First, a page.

Kline v. State ex rel. Oklahoma Water Resources Bd.

Annotate this Case

Kline v. State ex rel. Oklahoma Water Resources Bd.
1981 OK 156
646 P.2d 1258
Case Number: 53844
Decided: 12/22/1981
Modified: 04/26/1982
Supreme Court of Oklahoma

LARRY KLINE, ET AL., PROTESTANTS-APPELLANTS,
v.
THE STATE OF OKLAHOMA, EX REL. THE OKLAHOMA WATER RESOURCES BOARD, ET AL., APPLICANTS-APPELLEES.

Appeal from the District Court of Woodward County; Joe Young, Judge.

¶0 Plaintiffs brought this action in the District Court of Woodward County to obtain judicial relief from the decision of the Water Resources Board to grant temporary permits to withdraw ground water, as requested in Applications 77-638 through 77-646.

J. Douglas Williams, Woodward, for appellants.

James Foiles, City Atty., Woodward, for appellee, the City of Woodward.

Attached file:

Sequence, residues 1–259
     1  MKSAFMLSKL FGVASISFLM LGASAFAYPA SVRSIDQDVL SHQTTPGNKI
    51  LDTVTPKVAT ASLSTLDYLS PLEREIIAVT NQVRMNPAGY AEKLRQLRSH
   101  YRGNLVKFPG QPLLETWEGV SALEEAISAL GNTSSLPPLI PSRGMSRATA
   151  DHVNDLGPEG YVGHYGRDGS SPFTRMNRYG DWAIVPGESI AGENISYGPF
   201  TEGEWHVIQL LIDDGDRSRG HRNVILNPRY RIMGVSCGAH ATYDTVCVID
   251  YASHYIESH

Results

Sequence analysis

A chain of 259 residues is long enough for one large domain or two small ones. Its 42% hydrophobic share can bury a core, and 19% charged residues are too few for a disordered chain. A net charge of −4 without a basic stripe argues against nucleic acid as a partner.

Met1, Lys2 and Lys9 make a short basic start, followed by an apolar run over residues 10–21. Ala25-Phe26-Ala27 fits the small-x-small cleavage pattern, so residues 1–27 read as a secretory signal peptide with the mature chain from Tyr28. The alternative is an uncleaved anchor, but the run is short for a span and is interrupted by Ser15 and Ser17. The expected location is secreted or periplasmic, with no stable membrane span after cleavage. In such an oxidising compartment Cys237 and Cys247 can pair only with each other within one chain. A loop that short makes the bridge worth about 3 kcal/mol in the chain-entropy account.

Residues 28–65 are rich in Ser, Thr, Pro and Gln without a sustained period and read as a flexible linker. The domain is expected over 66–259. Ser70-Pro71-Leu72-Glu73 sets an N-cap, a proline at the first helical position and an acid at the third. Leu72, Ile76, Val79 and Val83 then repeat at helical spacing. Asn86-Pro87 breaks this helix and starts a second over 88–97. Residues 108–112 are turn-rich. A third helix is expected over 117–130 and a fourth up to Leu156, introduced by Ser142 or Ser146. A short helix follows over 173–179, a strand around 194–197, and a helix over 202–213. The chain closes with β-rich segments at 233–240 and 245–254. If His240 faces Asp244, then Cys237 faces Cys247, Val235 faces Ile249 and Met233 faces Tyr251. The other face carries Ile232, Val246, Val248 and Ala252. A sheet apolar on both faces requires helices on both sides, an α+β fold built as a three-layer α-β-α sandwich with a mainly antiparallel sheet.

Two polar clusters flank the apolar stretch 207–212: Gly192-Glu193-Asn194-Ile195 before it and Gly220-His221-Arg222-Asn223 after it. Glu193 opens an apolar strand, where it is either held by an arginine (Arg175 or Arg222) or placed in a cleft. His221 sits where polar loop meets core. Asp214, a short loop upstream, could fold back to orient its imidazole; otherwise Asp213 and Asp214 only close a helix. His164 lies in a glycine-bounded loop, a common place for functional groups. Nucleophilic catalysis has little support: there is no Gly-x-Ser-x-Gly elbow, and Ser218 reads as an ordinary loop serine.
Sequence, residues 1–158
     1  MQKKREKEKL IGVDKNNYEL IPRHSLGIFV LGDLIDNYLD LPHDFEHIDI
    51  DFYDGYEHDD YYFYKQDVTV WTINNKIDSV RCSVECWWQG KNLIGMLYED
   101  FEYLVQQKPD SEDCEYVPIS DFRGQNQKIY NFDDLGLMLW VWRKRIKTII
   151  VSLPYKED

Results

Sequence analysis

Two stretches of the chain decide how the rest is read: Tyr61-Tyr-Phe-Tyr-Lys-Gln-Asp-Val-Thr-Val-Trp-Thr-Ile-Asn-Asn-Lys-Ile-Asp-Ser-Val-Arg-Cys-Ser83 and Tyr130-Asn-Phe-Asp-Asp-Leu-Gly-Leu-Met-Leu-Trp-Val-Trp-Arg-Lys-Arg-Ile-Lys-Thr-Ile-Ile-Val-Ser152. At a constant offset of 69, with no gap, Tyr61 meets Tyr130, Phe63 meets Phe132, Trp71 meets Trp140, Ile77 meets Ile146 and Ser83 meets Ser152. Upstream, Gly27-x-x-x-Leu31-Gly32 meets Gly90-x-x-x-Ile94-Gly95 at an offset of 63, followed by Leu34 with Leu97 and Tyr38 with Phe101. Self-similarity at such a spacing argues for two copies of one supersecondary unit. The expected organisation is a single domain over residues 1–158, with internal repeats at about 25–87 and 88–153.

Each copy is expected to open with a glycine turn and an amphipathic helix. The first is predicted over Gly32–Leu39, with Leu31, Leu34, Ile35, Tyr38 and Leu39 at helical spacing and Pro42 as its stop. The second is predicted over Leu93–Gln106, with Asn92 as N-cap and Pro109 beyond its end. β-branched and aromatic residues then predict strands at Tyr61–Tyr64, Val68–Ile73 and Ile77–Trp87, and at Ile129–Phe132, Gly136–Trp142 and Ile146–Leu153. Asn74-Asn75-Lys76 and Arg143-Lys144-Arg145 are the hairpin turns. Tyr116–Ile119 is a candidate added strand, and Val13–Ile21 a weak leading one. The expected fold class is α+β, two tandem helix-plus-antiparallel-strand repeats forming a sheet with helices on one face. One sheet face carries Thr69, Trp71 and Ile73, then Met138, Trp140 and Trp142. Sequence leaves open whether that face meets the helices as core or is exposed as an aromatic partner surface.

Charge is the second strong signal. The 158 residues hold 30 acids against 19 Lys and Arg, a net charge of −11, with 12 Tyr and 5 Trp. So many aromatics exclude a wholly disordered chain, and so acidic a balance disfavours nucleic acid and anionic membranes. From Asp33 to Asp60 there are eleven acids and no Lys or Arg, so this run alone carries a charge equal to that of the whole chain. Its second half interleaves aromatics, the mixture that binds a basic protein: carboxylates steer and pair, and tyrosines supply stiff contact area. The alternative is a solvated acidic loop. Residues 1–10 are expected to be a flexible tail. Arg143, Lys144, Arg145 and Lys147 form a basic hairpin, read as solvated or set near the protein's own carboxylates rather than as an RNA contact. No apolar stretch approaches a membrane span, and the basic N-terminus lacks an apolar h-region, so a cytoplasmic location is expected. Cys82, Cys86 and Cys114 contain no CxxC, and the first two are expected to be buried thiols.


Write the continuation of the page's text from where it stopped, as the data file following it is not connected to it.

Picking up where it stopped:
Jan Eric Cartwright, Atty. Gen., Amalikaja Hodgins, Asst. Atty. Gen., and R. Thomas Lay, Oklahoma City, for appellee, Oklahoma Water Resources Bd.

David Hudson, Oklahoma City, for appellee, Canadian Irrigated Lands Co.

HARGRAVE, Justice.

¶1 This action is appealed from the District Court of Woodward County, Oklahoma, from a ruling adverse to individual landowner-protestants in an action for review of a decision by the Oklahoma Water Resources Board. That decision by the Board granted temporary permits to withdraw ground water requested in applications 77-638 through 77-646, inclusive. These temporary permits authorize withdrawal of 9,600 acre feet of water annually from the terrace deposits of the North Canadian River. Venue for the District Court action was elected to be Woodward County by virtue of the provisions of 75 O.S.Supp. 1977 § 318 .